Have a go at this stunning vintage inspired wedding cake By Lisa Elliott of Lisa Jayne Cakes! For more information about Lisa and her cakes, visit her Facebook page here!
Lisa is based in the North West of the UK where she lives with her husband and two young sons. She started baking three and a half years ago so that she could make her eldest son’s christening cake She found she had a knack for baking and decorating, and it soon became a passion that has taken over all of her spare time. She particularly enjoys children’s cakes; having a large circle of friends with children the same age as her own, she is always kept busy! She is inspired by almost everything she comes across, seeing how it could be achieved in cake, from artwork to fashion, to children’s TV. Everything she sees starts her thinking about a new cake design. Lisa learnt how to make a topsy-turvy whimsical cake at a cake class with Marina Sousa at Cake Camp UK. This is her take on the technique.
- 10”, 7” and 4” round cakes
- 10”, 7” and 4” 2mm round thin cake cards
- Food safe skewers
- 14” round cake drum
- 2kg cream or white sugarpaste
- 1kg flower paste
- Sugarflair gel colours: Dusky Pink, Baby Pink, Rose)
- CMC or Tylose
- Light gold lustre dust
- 4mm pearl dragees
- Cameo mould (Alphabet Moulds)
- Button mould
- Classic Pearl Border Mould (Marvellous Molds)
- Rose mould (Karen Davies)
- Circle and scalloped circle cutters, various sizes
- 5 petal rose cutter, various sizes
- Ribbon cutter
- Bulb cone tool
- Sharp knife/scalpel
- Craft mat
- Rolling pin
- Edible glue
- Royal icing (I used Renshaw ready made)
- Ribbon for the board
- 3” polystyrene separator tube
- Double sided tape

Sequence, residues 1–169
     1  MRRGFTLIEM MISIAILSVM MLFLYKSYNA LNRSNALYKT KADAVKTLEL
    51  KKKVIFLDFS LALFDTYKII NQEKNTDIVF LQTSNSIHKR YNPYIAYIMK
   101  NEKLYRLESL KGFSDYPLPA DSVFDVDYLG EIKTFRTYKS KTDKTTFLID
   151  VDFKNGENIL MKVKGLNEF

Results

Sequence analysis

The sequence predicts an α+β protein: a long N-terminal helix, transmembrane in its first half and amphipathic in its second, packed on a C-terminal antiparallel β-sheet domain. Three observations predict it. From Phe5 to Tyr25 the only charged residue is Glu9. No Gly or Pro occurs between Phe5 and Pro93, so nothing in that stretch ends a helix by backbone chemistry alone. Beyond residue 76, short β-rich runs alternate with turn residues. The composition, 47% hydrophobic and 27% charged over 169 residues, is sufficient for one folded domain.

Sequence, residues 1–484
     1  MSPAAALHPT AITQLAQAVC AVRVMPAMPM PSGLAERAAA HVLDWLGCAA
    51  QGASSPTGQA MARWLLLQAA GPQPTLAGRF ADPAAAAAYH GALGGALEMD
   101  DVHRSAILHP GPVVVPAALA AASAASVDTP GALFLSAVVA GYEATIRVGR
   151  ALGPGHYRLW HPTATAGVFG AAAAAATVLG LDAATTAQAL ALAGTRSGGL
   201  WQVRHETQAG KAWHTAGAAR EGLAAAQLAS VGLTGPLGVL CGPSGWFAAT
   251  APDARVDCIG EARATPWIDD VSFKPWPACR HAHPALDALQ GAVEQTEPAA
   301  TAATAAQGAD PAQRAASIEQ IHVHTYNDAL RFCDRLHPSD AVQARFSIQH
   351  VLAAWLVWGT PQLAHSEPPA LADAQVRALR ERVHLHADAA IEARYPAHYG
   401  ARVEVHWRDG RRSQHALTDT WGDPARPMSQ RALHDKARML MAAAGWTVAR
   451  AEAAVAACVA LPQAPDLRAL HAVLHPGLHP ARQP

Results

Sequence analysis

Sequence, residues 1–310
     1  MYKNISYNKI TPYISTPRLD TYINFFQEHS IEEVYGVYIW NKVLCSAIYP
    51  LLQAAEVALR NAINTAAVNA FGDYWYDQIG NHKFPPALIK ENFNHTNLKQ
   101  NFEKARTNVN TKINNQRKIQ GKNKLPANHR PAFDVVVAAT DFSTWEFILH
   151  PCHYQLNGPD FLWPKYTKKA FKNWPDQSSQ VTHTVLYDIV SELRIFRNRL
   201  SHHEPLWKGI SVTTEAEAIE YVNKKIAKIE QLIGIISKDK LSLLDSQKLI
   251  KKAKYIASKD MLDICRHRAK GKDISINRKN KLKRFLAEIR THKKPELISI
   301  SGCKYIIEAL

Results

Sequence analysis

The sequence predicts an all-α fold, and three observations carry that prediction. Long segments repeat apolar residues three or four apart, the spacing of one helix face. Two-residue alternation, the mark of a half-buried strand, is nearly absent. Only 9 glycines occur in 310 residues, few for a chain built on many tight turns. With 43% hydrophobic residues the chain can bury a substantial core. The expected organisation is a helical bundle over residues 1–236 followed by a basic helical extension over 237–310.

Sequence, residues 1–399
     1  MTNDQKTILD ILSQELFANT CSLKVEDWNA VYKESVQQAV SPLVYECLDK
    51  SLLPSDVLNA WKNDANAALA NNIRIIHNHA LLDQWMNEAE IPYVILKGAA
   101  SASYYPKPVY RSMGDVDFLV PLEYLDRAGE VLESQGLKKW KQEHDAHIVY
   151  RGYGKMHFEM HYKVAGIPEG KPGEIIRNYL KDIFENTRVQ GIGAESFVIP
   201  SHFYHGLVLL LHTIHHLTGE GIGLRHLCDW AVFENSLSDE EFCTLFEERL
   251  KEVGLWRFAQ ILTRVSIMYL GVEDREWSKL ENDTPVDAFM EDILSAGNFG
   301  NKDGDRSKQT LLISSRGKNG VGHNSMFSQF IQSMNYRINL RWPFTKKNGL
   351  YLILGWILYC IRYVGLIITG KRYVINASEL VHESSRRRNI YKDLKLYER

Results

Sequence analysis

Difficulty Rating: 1 out of 4
Place your cakes on the 2mm cake cards, use some ganache or buttercream to secure to the board. Cover your cakes with ivory sugarpaste and set aside. Cover your board with ivory sugarpaste. Finish it with a ribbon, I have used dusky pink here and have secured with double sided tape.
Prepare your flower paste: I have used a mix of 50/50 sugarpaste and flower paste mix, both white, make sure to mix them well. If you do not have flower paste, you can use sugarpaste and add Tylose or CMC. TIP: add a level teaspoon per 250g of sugarpaste, make sure it’s thoroughly kneaded in.
For this cake, I have chosen a theme of pinks. Split the sugarpaste/flower paste mix into six equal portions. Colour one portion ivory to match the base cake covering. The remaining five, you want a dark dusky pink, a lighter dusky pink, one rose pink, one lighter rose pink and one baby pink. Colour them well and wrap tightly in cling film and then in a freezer bag.
To make the puffed roses, take one of your pinks and roll out to about 1-2mm thick. I used an embossing mat here but this is optional.
Using different rose cutters.
Cut one of each size in this colour.
Using a small circle cutter, cut the central piece out of the rose.
You will be left with individual petals.
Take each individual petal and fold the inside edge where you removed the circle. Fold like an S and squeeze together so you have a pleat.
Using edible glue, stick the five pleated petals together and put them in a flower former or egg carton to dry. You can tidy up the middle with dragees.
Repeat this process to make various sizes in different shades of pink. These will be used as filler flowers between the tiers so make five or six of each in different sizes and shades.
Using a ribbon cutter (or just cut with a knife if you don’t have a ribbon cutter), cut a ribbon about an inch in diameter.
Wet one length of the strip and fold the top down, smooth along the bottom where the water/glue is.
Be careful to not flatten the top, you want the top fold to have a puffy effect.
Fold over one end at right angles; this will form the middle bud.
Roll the ribbon around in a circle in your fingers, gently pinching the ribbon underneath. You can add more dimension to it by pleating/ruffling it as you go along to give a more ruffled look.